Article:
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Stress

The Uniqueness of Stress

Stress is distinct from anxiety, depression, or pain, though it can exacerbate the experience these, and undermine your ability to cope with or recover from them. Anxiety, depression, and other similar mood disorders are often most disconcerting precisely because they are not always bound up with a particular circumstance or stimulus, or when they are, the response may feel out of proportion, overwhelming, seeming to invade one’s experience beyond what feels subjectively reasonable. Stress, on the other hand, comes from tension, resistance, or pressure – it tends to be oriented to life circumstances, very often centered work, finances, family, health, etc. In this sense, stress is necessary, and even, in some degree, healthy. Going for a jog or to the gym may generate stress in the muscles, ligaments, and bones of our bodies, but when performed properly, we becomes stronger, more capable. Our minds and spirits are not different – we only grow and become what we are fully capable of when we undergo normal, healthy amounts of stress, in terms of tension, resistance, and pressure from the world.

The Ubiquity of Stress

The difficulty arises when stress becomes unrelenting or overwhelming. Going for a run in moderate amounts can be beneficial, but suppose you were never allowed to stop running – how long before your body collapses? Or someone adds weight to your lift far beyond your capacity, and it comes crashing down on you, crushing the air from you? While these sound absurd, we regularly ask the same of our minds and spirits. Work pressures never relent, emails that must always be answered urgently, and family demands that may be, in each event, simple enough and even duties we undertake out of love, but when they never end, coming one after the next, our minds cannot cope, our spirits sag into exhaustion or anger, in simple self-preservation. And because our minds, bodies, and spirits – as cliche as it sounds – are never in actual fact separate from one another, our bodies take on the psycho-spiritual overflow as a way of helping the mind to stay stable and functional, as much as possible. So we grind our teeth, clench our neck and shoulders, get throbbing headaches, stop really breathing, have chronic indigestion or gastrointestinal distress, and other similar symptoms.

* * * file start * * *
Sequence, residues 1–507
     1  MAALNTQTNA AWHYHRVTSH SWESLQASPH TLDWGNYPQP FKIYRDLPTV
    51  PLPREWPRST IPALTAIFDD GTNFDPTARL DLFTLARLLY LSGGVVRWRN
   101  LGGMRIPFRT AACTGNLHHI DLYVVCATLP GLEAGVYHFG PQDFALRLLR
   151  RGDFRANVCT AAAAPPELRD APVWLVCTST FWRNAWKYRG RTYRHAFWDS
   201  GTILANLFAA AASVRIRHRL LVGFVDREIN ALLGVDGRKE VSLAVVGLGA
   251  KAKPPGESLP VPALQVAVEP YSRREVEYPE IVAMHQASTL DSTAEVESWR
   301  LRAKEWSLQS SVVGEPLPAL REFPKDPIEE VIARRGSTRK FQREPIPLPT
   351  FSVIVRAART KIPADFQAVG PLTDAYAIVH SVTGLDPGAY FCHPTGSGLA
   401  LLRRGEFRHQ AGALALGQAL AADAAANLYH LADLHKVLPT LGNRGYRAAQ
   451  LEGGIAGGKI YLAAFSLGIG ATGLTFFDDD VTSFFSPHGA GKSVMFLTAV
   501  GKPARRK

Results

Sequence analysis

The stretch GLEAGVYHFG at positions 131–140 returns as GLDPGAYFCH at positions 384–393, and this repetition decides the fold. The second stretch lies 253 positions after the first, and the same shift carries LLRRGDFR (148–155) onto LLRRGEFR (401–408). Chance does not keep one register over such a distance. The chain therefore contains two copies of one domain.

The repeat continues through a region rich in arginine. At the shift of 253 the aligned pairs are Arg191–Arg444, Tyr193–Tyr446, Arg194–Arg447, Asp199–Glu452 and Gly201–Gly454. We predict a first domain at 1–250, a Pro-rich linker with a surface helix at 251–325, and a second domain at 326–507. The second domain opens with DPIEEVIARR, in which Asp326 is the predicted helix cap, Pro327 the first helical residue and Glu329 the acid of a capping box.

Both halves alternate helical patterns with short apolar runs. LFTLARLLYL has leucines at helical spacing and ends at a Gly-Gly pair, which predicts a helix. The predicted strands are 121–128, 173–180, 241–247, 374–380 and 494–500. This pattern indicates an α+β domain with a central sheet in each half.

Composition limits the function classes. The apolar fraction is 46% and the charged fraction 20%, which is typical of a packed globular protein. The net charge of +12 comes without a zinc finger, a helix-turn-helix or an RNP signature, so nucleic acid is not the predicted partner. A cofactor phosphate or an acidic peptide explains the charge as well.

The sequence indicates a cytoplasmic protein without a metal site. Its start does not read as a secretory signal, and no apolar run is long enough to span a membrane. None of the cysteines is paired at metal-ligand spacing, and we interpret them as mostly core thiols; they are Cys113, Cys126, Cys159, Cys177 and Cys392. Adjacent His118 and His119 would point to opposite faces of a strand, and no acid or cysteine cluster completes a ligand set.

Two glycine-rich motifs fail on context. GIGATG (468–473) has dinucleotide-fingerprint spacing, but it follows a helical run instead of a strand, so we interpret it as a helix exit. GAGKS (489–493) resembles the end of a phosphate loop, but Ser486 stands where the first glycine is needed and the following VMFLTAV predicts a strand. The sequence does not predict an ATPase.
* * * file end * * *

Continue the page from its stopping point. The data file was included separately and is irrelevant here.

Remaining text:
Stress and Acupuncture

Acupuncture cannot change your job, nor can it suddenly give you five fewer items on your todo list. But what it can do is, for the time of the appointment and for increasing periods thereafter, teach your body and mind what the sense of calm, of relaxation, of allowing oneself to rest, to take a breath, to recover actually feels like. Cortisol levels have been shown to drop during and after acupuncture treatments, and the parasympathetic nervous system is aided in re-establishing normal rhythms. As acupuncture helps the body and mind become more aware of the patterns of thought, behavior, and expectation that drive the relentless and overwhelming levels of stress, herbal medicine and mindfulness strategies can aid in the physiological and psychological aspects of your experience of stress. Taken as a whole, these strategies can give you new tools to breathe more freely, to find space where there previously was none, and to ultimately simplify and re-prioritize such that life becomes more full, and more free.

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